May 20, 2020

Succession Planning during a Pandemic

Josh Gentine

The rules of the C-suite are being rewritten under the pressure of the COVID-19 pandemic. This is especially evident as corporate leadership is grappling with internal succession planning.

There are some basic preventative measures that are likely already being implemented, such as revised sick leave and remote work policies. Most boards will already have an emergency succession plan in place, but we are living in unprecedented times where more than one person may be sick or otherwise compromised at a time. It is important to prepare for the possibility that the emergency successor is also unable to fulfill the duties of a suddenly vacant position.

Without a plan for this kind of sudden and unexpected succession, the negative impact can easily multiply . In a time of crisis, high anxiety, and fear, having a well-structured, easy-to-follow plan already in place will prevent that catastrophic loss. It may seem daunting, but I have a few ideas on how to make a potential transition easier and more successful.

Identify needs.

Who has the expertise and experience to step into a new leadership role? Is there, perhaps, a pivot to a new kind of production to help with the crisis? The organizational needs that have sprung up in light of this crisis may be different than previous ones. But there are people out there – or already working within the company – that have the skills and fortitude to take up the mantel. Tap the people who can step into a position immediately if someone is out sick or caring for a loved one. Keep the broader needs and mission of the organization in mind as well as these brand-new ones. This will ensure that the emergency succession plan is in alignment with the overall strategic plan.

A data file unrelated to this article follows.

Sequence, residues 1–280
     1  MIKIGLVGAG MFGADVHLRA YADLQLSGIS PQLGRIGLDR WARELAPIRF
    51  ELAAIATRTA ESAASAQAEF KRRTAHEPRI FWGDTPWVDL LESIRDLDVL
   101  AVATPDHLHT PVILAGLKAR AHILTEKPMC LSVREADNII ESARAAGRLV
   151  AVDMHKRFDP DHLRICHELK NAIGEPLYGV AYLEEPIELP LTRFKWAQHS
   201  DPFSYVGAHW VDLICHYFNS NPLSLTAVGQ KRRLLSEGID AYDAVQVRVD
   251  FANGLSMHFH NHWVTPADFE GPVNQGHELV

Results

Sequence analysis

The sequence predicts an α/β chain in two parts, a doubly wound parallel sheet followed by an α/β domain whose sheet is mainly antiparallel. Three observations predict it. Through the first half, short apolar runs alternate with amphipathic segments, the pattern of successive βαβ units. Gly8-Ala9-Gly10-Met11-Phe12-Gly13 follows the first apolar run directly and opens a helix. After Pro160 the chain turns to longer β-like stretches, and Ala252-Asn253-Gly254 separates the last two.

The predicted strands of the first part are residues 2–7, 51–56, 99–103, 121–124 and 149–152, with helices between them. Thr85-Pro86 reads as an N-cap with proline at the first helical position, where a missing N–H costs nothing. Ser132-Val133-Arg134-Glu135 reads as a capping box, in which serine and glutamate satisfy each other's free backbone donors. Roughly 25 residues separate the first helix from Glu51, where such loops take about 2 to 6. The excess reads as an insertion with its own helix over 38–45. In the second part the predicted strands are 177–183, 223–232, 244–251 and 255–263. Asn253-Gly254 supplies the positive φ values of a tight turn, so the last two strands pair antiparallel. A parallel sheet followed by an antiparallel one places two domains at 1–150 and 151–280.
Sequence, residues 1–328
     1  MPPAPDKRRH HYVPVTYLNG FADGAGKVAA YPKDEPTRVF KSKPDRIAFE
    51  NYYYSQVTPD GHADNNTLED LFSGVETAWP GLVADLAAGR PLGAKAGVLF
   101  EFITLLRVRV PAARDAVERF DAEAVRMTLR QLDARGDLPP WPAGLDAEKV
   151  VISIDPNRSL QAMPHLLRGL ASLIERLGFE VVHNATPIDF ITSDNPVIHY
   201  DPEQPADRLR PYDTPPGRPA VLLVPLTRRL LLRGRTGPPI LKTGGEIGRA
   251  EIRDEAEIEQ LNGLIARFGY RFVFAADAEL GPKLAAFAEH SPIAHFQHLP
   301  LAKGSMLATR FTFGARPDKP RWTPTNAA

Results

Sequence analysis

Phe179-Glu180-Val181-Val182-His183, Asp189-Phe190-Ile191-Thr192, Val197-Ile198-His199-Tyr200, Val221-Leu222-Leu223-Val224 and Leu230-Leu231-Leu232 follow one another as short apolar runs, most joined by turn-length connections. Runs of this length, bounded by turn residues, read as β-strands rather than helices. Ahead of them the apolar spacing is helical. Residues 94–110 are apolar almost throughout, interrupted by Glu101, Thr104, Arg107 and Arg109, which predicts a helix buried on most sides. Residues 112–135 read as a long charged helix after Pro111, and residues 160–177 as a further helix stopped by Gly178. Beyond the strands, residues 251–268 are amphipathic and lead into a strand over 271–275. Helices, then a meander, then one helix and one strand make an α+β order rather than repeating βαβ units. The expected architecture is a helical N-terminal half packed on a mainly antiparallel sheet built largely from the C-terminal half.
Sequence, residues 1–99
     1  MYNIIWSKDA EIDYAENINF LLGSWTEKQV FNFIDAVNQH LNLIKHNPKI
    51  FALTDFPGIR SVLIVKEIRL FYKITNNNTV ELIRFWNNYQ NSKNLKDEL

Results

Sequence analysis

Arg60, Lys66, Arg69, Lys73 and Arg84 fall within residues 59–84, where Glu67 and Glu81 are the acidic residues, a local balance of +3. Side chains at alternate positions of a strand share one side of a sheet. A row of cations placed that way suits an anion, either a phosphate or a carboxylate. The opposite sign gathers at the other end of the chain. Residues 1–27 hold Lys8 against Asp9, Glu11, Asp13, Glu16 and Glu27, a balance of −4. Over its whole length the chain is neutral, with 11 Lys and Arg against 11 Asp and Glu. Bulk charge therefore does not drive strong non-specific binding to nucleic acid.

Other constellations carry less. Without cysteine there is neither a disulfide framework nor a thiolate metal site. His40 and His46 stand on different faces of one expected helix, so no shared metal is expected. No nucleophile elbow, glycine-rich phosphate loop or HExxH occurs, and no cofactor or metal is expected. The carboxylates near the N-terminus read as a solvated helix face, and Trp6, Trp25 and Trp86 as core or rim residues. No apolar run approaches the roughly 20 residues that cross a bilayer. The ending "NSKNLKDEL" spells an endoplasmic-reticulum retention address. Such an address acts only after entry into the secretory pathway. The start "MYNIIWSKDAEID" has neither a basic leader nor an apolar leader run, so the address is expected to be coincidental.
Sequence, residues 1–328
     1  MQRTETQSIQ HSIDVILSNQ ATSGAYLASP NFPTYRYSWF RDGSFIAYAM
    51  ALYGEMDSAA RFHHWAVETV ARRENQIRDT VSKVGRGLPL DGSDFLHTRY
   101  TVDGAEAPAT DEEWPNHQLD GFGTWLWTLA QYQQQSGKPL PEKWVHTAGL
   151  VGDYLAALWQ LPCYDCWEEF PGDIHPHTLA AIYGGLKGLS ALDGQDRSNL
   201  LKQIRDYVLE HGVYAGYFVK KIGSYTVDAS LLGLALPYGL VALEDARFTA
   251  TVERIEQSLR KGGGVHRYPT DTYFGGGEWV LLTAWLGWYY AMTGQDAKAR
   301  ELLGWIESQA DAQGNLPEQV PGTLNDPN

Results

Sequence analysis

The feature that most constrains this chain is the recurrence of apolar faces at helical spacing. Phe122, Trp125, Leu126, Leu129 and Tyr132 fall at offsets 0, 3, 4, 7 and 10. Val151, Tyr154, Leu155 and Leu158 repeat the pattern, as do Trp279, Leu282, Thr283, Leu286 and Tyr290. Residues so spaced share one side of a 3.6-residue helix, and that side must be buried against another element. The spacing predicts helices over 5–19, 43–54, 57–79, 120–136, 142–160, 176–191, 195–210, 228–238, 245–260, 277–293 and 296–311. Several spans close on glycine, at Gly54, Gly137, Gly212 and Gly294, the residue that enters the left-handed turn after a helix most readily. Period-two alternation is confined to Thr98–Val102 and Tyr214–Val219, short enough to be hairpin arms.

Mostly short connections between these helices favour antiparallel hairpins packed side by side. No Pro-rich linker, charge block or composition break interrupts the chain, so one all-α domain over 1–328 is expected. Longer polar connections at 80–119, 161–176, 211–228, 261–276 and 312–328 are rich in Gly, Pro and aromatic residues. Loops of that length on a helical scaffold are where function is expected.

Consider hiring virtually.

I’ve mentioned in several articles previously the vitality of technology and it certainly applies here, as well. It’s an unusual move – but virtual interviews could be a perfect fit. It may not be quite the same as getting to know someone in person but being able to observe body language and hear tone of voice through a video conference will provide a great sense of who the potential team member is. As the work landscape continues to shift in the coming months, virtual interviews may become an integral part of the hiring process.

Communicate the plan.

Things are changing quickly, sometimes with no notice whatsoever. It is a difficult job to have to communicate the plan when so much is uncertain, especially when it is as significant as succession. Armed with a great plan, though, communication is sure to be easier. If each of the key personnel has a thorough understanding of next steps, they will be prepared to step up, if and when the time arrives. Communication builds trust and empowers individuals to do their best work.

There is no road map for how to proceed in this unique, intense moment and it is truly the challenge of a lifetime. Contact me for help with the creation and implementation of your organization’s succession plan. I’m here for you.

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